Gen. David Petraeus wants to wait another five months before deciding whether or not to bring any more troops home.
Telling Congress that progress in Iraq was “fragile and reversible,” the top American commander recommended Tuesday that consideration of any new withdrawals of American troops be delayed until the fall, making it likely that little would change before Election Day.
The commander, Gen. David H. Petraeus, refused under persistent questioning from Senate Democrats to say under what conditions he would favor new troop reductions, adding that he would not take the matter up until 45 days after a current drawdown is complete in July. His recommendation would leave just under 140,000 American troops in Iraq well into the fall.
The hearings lacked the suspense of last September’s debate, when the focus was on measurable benchmarks and heightened expectations of speedy troop withdrawals.
But they thrust the war to the center of the presidential campaign, as General Petraeus faced questioning from the two Democrats and one Republican still vying for the White House. He told them that progress in Iraq had been “significant and uneven.”
The general’s tone was notably sober, and despite an intensified American military campaign over the past 15 months, he acknowledged: “We haven’t turned any corners. We haven’t seen any lights at the end of the tunnel.”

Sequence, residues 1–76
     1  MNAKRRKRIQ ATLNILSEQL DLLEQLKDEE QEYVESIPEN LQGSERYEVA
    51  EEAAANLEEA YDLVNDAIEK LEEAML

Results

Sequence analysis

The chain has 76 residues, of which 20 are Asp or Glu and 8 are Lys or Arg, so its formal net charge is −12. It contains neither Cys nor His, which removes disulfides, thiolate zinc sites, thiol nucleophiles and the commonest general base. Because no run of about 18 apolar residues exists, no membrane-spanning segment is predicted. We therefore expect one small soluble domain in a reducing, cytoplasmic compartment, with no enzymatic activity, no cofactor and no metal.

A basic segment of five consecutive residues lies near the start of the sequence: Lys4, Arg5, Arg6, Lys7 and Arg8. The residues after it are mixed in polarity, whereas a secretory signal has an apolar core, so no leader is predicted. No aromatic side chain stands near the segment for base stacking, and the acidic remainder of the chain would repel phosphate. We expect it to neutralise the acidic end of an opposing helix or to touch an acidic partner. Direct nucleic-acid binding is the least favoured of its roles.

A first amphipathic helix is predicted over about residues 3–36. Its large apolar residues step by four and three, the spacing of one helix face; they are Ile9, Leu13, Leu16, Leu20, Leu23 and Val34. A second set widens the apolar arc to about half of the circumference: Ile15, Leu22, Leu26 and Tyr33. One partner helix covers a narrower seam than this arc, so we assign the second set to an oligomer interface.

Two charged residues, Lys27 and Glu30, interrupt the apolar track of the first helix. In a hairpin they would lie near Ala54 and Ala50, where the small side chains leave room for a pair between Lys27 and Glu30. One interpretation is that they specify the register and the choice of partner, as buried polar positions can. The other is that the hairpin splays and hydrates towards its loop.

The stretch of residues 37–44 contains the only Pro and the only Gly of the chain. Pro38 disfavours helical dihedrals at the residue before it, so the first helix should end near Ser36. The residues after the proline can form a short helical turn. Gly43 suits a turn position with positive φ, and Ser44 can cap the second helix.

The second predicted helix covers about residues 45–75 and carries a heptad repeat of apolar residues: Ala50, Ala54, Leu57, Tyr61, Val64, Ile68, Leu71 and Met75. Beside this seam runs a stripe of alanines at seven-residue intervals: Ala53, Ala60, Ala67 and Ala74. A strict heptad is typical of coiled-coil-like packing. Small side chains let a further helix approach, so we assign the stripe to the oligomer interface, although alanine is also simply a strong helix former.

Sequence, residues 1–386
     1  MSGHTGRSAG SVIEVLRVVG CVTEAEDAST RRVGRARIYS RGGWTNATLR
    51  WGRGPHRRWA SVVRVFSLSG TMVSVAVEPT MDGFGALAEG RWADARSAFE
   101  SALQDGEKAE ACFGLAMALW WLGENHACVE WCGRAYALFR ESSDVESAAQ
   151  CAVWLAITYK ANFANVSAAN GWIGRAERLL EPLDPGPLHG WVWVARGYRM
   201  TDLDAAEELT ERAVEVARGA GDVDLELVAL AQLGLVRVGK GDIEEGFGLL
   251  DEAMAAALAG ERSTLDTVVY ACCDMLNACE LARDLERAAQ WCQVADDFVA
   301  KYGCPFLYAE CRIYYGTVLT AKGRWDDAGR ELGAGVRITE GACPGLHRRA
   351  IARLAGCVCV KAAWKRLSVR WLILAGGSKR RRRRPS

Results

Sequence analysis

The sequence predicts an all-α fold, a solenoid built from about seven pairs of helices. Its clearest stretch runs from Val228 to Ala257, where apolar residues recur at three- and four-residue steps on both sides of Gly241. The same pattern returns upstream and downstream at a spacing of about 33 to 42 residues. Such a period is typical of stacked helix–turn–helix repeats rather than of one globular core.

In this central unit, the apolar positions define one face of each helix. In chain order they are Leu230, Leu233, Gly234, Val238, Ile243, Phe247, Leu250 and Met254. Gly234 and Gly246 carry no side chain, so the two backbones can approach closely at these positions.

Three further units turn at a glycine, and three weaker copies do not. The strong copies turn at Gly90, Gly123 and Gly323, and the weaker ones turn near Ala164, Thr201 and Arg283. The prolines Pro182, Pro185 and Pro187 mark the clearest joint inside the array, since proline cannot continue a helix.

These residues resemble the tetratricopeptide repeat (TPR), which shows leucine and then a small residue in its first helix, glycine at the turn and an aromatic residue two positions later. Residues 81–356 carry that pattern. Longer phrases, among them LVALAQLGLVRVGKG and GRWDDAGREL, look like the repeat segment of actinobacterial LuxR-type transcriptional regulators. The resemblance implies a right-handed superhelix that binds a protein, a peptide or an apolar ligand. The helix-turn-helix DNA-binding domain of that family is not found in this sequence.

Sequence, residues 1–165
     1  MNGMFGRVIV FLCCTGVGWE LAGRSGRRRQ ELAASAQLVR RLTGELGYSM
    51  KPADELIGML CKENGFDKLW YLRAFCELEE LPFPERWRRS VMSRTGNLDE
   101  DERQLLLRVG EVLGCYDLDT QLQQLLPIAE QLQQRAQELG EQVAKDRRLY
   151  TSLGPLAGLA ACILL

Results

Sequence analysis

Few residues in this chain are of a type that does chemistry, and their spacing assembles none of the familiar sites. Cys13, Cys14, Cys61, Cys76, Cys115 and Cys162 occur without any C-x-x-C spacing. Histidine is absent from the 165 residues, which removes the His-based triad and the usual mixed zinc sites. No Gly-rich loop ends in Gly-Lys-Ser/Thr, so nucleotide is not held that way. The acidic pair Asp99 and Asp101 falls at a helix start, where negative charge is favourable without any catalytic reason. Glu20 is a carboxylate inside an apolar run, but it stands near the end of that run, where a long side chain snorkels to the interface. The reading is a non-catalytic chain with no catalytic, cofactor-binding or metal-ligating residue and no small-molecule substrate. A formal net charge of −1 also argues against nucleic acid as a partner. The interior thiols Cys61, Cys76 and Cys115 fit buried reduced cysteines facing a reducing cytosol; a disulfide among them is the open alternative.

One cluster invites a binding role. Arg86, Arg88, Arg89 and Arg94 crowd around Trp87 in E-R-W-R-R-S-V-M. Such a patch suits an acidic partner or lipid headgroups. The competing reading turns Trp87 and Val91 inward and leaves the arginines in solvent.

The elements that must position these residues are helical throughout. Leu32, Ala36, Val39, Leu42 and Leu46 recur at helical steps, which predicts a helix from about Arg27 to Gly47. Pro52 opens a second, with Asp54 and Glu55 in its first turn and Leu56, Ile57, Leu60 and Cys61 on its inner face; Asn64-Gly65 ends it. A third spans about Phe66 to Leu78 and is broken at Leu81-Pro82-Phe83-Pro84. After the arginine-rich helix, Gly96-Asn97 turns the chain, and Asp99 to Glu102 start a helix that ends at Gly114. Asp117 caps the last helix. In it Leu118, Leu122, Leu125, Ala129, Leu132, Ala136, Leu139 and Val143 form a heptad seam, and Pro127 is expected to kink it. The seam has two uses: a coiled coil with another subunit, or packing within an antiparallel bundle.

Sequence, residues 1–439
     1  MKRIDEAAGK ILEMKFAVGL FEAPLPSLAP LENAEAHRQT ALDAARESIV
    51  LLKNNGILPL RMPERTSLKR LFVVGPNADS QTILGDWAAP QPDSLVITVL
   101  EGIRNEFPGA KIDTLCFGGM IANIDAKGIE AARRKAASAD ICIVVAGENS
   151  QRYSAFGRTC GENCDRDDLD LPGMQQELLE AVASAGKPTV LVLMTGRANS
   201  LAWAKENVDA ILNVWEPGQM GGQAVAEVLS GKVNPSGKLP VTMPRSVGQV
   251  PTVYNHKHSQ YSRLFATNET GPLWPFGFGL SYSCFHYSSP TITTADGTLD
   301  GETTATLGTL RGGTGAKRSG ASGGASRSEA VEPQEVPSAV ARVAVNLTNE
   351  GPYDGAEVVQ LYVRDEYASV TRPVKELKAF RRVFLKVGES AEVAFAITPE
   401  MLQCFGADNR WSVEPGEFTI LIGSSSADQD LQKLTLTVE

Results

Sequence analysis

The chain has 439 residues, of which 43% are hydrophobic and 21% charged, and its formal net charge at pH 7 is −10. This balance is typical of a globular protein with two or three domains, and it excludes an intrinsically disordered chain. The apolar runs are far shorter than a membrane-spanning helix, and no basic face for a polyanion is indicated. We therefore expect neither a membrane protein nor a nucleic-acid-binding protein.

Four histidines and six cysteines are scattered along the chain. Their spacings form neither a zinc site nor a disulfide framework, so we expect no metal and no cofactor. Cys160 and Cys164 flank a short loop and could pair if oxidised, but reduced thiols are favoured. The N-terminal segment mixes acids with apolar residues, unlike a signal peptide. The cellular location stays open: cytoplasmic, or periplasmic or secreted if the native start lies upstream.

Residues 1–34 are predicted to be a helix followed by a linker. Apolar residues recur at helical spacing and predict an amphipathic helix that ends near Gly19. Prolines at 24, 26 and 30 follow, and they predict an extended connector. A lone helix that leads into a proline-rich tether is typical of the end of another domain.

We all know that military predictions are inexact, but it does seem that Gen. Petraeus is throwing cold reality on the war-cheerleaders who say the surge has worked, and dropped the decision on whether or not the surge has worked right into the middle of the presidential campaign.
Some other interesting notes from the Senate testimony:
– Sen. Joe Biden got Ambassador Ryan Crocker to basically paraphrase the old W.C. Fields line: “On the whole, I’d rather be in Afghanistan.”
He asked Ryan Crocker, who used to be ambassador to Pakistan, whether it would be better for U.S. interests to go after Al Qaeda on the Afghanistan-Pakistan border or Al Qaeda in Iraq.
Crocker, in an impossible political position — give the correct answer and humiliate the Bush administration; give the administration’s answer and look like a fool — dodged as much as he could. Then Biden forced him down. Crocker: “I would therefore pick Al Qaeda on the Afghanistan-Pakistan border.”
– Sen. John McCain needs a program to know who’s who in Iraq.
McCain: There are numerous threats to security in Iraq and the future of Iraq. Do you still view Al Qaeda in Iraq as a major threat?
Petraeus: It is still a major threat, though it is certainly not as major a threat as it was say 15 months ago.
McCain: Certainly not an obscure sect of the Shiites overall?
Petraeus: No, no sir.
For the record, the people identifying themselves as “Al Qaeda in Iraq” are Sunnis. You’d think that Sen. McCain would know that. Or should, especially if he’s planning on keeping us there for a hundred years.